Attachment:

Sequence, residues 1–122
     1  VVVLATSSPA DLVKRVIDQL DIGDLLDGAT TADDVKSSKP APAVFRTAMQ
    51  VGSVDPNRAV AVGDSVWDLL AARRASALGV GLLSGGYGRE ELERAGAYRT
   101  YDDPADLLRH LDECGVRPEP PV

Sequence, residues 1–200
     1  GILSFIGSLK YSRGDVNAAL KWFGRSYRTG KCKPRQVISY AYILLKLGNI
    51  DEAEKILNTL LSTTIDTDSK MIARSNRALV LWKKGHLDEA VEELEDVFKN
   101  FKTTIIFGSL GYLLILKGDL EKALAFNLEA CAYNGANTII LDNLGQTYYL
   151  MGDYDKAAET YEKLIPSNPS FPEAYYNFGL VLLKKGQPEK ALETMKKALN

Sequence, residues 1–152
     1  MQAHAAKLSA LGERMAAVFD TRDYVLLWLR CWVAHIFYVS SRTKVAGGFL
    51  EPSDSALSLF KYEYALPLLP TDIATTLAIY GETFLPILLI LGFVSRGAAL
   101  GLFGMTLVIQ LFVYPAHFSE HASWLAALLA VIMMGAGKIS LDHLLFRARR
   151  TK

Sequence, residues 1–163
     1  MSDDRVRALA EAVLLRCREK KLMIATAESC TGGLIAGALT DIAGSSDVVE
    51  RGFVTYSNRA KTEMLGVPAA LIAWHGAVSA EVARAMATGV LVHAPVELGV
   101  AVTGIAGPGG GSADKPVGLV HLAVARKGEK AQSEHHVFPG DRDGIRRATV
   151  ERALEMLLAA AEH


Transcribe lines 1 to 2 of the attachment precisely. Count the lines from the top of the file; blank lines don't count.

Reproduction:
Sequence, residues 1–122
     1  VVVLATSSPA DLVKRVIDQL DIGDLLDGAT TADDVKSSKP APAVFRTAMQ